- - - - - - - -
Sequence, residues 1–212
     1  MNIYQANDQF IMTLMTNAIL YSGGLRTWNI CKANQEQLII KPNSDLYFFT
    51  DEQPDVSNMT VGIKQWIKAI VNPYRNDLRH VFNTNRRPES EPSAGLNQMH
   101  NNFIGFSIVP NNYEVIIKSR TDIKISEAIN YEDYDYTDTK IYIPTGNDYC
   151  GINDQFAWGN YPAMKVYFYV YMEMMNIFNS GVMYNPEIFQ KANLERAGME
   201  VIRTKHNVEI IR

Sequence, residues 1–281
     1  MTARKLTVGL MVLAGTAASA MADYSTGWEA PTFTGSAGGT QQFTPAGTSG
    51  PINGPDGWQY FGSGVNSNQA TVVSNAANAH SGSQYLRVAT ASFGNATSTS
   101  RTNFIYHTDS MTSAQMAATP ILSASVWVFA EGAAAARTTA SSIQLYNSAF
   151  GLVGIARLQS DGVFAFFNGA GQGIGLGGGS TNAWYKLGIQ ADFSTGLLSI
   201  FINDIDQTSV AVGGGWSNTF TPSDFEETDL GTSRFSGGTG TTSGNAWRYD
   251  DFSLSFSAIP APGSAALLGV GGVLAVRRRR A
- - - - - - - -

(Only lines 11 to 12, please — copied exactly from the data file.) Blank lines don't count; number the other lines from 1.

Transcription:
   151  GLVGIARLQS DGVFAFFNGA GQGIGLGGGS TNAWYKLGIQ ADFSTGLLSI
   201  FINDIDQTSV AVGGGWSNTF TPSDFEETDL GTSRFSGGTG TTSGNAWRYD